Gran Turismo 4 is genre-defining with GT in general. In 1998, we saw the first of the GT series which, through a combination of realistic driving physics, massive car rosters aimed at pleasing the obsessive collectors in all of us, and courses from around the world, brought us to the limit that any PlayStation gamer, that was a car enthusiast, could ever hope to experience. Topped off with state-of-the-art graphics and sound presentation, which was majestic, we saw the start of the greatest realistic driving series ever to grace any platform. Now, with the fourth installment in the series, the originally titled Gran Turismo 4, we find the franchise at the peak of its quantitative powers in a game that makes superlatives such as “big” and “sprawling” seem somehow inadequate. Yet beneath all the considerable content, Gran Turismo 4 remains remarkably similar to previous iterations in the series, which, depending on your point of view, may or may not be a good thing.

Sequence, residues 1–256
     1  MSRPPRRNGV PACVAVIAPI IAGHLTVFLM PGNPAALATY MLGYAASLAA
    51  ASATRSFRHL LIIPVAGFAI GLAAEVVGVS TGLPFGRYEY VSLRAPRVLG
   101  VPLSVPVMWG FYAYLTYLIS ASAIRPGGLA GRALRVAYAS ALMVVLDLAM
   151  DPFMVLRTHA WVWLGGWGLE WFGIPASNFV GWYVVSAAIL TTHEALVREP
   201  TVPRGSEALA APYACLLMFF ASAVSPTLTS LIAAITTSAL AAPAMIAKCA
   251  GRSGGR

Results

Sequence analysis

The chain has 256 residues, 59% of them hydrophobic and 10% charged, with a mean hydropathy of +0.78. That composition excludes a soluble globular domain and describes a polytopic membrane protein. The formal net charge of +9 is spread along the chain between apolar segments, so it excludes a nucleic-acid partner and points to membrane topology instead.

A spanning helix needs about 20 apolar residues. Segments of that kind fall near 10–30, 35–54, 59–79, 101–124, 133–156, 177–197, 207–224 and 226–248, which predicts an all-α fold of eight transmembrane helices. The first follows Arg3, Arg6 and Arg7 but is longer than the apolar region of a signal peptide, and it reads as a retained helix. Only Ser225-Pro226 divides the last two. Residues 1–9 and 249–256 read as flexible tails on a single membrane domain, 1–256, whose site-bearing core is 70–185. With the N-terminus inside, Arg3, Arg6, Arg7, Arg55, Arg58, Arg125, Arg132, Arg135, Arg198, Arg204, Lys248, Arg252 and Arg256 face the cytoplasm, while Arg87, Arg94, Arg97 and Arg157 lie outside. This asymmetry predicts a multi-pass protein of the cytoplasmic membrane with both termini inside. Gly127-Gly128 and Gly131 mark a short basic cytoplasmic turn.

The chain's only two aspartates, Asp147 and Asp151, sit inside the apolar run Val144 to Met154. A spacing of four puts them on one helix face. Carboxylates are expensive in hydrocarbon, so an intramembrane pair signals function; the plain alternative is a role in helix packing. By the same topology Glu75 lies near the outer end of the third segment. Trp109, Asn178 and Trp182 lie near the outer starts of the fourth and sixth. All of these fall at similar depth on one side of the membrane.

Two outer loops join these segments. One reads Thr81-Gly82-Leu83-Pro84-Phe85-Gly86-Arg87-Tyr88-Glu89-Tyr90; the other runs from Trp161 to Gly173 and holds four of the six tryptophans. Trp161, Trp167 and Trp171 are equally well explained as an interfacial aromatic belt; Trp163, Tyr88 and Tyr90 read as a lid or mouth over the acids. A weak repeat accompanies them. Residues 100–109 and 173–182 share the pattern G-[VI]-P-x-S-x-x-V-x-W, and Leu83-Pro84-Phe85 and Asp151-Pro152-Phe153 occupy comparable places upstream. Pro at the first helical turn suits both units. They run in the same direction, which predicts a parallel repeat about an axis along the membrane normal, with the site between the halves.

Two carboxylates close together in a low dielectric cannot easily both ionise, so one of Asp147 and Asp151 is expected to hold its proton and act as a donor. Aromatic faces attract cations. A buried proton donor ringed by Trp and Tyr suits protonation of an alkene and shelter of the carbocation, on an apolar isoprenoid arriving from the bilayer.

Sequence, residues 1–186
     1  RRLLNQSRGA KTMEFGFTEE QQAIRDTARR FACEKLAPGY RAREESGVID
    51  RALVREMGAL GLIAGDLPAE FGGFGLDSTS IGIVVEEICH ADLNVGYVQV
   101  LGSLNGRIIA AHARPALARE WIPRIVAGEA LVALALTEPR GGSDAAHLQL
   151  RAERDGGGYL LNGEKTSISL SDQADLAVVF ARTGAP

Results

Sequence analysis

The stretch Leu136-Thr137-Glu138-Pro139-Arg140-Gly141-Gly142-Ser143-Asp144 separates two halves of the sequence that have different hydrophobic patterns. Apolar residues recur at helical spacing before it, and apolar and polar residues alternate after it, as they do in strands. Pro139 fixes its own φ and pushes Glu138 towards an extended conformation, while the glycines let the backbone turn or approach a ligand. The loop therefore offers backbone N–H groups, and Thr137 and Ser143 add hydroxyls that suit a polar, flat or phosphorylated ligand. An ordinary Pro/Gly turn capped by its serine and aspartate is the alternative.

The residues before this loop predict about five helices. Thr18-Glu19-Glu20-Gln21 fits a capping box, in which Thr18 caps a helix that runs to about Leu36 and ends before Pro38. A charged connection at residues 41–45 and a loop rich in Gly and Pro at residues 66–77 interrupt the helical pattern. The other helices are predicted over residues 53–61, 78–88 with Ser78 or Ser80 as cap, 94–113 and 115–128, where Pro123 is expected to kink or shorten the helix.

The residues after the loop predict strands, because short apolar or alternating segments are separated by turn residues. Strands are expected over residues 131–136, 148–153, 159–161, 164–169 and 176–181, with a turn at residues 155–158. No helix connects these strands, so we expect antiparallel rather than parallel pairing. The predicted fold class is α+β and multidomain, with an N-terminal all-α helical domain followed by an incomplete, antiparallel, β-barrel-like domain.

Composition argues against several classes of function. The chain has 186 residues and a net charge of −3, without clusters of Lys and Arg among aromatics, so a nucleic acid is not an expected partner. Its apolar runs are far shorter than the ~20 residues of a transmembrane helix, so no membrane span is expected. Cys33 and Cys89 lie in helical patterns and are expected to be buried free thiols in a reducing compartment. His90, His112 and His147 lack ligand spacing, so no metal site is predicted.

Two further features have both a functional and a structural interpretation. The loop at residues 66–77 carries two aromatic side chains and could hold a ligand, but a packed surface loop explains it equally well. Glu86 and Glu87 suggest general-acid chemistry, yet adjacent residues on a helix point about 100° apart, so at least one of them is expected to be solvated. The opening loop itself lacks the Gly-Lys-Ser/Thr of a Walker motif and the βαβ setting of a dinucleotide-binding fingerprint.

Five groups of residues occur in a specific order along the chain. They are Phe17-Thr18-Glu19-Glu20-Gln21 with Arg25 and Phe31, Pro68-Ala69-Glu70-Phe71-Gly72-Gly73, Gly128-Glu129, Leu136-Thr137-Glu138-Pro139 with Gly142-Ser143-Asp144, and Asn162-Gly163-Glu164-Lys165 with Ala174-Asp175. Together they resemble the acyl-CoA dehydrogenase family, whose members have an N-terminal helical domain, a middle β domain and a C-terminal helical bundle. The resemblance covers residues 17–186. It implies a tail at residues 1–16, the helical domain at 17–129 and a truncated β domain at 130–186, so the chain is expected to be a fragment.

Gran Turismo 4 features more than 800 cars from more than 95 manufacturers. As you might expect, the lineup leans heavily toward American, Japanese, British, and German makes, though you’ll also have access to cars from Belgium, Spain, the Netherlands, Sweden, and Korea, among other countries. This variety is not simply limited to country of origin, however. The cars found in GT 4 range not only in their power and prestige, but also in their ages. The game features cars from every major era of auto manufacturing: from 1960s muscle cars, to powerful Japanese turbo machines to one-off concept cars that won’t see city asphalt for at least the 10 years or maybe ever, to examples from the very dawn of the auto era.
Lots of cars, lots of action in races, great online modes, and much more. There is not much more to say about this. Buy it while you can and before it sells out.